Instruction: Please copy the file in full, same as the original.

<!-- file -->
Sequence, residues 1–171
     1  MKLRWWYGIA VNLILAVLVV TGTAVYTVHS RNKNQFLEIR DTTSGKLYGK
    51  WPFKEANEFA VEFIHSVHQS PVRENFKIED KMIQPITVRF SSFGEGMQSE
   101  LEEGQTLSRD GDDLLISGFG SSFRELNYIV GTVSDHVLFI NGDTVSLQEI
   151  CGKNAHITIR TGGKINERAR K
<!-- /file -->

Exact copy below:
Sequence, residues 1–171
     1  MKLRWWYGIA VNLILAVLVV TGTAVYTVHS RNKNQFLEIR DTTSGKLYGK
    51  WPFKEANEFA VEFIHSVHQS PVRENFKIED KMIQPITVRF SSFGEGMQSE
   101  LEEGQTLSRD GDDLLISGFG SSFRELNYIV GTVSDHVLFI NGDTVSLQEI
   151  CGKNAHITIR TGGKINERAR K